Why ? Isn't it simply a function wages growth and inflation ?

the long extremely important factor that is in function of wages and inflation is productivity (is also a function of progress and unemployment rate)
I agree that IRs & exchange rates will change discretionary income. But they have a relatively small influence. Only 10% of total income goes towards housing (rent & P&I), so a change in IRs has a small effect. And exchange rates have varied by 50% over the last 15 yrs with little effect on trend discretionary income.

Not sure how this is relevant. Are you saying cost of foreign debt changed discretionary income or vice versa ?
Iceland disposable income slumped because of drop in the exchange rate that got everything they imported unaffordable (same thing can happen to australia as we pretty much import everything of everyday use), theur disposable income dropped also because foreigners stop lending to them, the source of all this was a huge foreign debt (in relation to gdp)

I'd agree if the O/S lenders lost confidence in our ability to repay the loans, refused to renew them or applied exorbitant rates, then our IRs would rise significantly & then our discretionary income would fall. However, we do have the ability to service the loans (thanks WA), because our discretionary income is growing sufficiently in proportion to mortgage debt. When the dirt runs out in 300 years, then we may have a problem (assuming nothing else changes).
as I said this explain the present situation, but there are country like Russia and Argentina that had plenty of resources and they still run into trouble. but at the present is all good and could last many years in the future
 
I was in the fortunate position yesterday of attending an interesting speech by the RBA's Head of Regional & Industry Analysis. Though the story from the RBA was decidedly upbeat regarding Australia's position it was not exactly all beer & skittles. The rise in house prices was mentioned as a positive indicator and I didn't get the impression that he thought that the market was overheated at all, nor that it was a danger. The greater rise in apartment prices was put down to the dearth of supply coming on line. The RBA knows that this is due in large part to the banks not funding the developments. They are also watching the poor data on commercial building stats and are concerned that building is only holding up thanks to the stimulus (schools etc). There is still some structural weakness and they seem cognisant of the risks of hiking too fast & destabilising the recovery.

My impression is that he was cautiously optimistic whilst acknowledging that business investment is not really in a position to handle rapid rate rises (having had only half of the IR falls passed on). ACCI and other industry groups have certainly told the Bank that this month's 0.25% rise was premature. The RBA knows that only strong growth in the private sector will guarantee a sustained recovery and it should be said that, though not officially part of the RBA's agenda, it does have an eye on the $Au. Barring some extreme change in circumstances between now and then, I can't see mortgage IRs at anything close to 8% in 2010.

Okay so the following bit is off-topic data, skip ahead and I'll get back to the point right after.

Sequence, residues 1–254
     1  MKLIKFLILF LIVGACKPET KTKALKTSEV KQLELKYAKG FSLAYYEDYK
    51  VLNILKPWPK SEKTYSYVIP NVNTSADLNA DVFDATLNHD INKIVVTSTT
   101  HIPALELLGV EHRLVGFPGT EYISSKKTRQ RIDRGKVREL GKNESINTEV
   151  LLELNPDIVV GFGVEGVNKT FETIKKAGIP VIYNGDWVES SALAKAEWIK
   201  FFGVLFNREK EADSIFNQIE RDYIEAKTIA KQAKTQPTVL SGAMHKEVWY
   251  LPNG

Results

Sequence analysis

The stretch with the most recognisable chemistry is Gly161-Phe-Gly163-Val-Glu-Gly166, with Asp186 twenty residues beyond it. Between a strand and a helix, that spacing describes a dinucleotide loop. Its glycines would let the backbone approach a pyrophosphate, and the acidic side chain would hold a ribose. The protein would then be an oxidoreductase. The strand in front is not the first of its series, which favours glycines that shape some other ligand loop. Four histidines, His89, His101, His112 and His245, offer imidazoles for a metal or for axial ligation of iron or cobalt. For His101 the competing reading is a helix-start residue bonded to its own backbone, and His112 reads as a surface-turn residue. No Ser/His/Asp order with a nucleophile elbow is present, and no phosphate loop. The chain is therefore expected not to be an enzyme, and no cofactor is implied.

Then again, perhaps Glenn Stevens does have a fixation on housing finance as the prime economic lever in this country. We seem to as PIs, as does the media, but I suspect that the RBA is really looking at a broader economy.
 
I'd agree. I think that though they may wish to raise IRs to cool housing the consequences elsewhere would be too negative. It also does Australia no good to be pushing up interest rates and pumping the dollar.

The largest danger I see is that with the AUD so strong, retail is set to boom at Xmas with credit cards grabbing super cheap imports. Our household debt levels will make for a very fragile economy if external economies pull back on commodities consumption in 2010.

There are a lot more factors involved of course, but politics is politics and it isn't just homeowners who have political opinions about interest rates. See the G20 positions for example and they were not too happy about the last IR rise here.

I think that's called my 2c
 
as I said this explain the present situation, but there are country like Russia and Argentina that had plenty of resources and they still run into trouble. but at the present is all good and could last many years in the future

Russia is a political train wreck run by drunken egomaniacs (literally....) and Argentina lacks any kind of non-corrupt govt officials to even contemplate competing on the world stage. Argentina's national slogan is "by the will, or by the force".....what does that tell you?

are you seriously comparing Russia and Argentina to Australia....?

IMPO - variable rate of 7 and 8 percent by end 2010 would KILL any recovering economy we have left.

7-8% in 2012-13 - absolutley.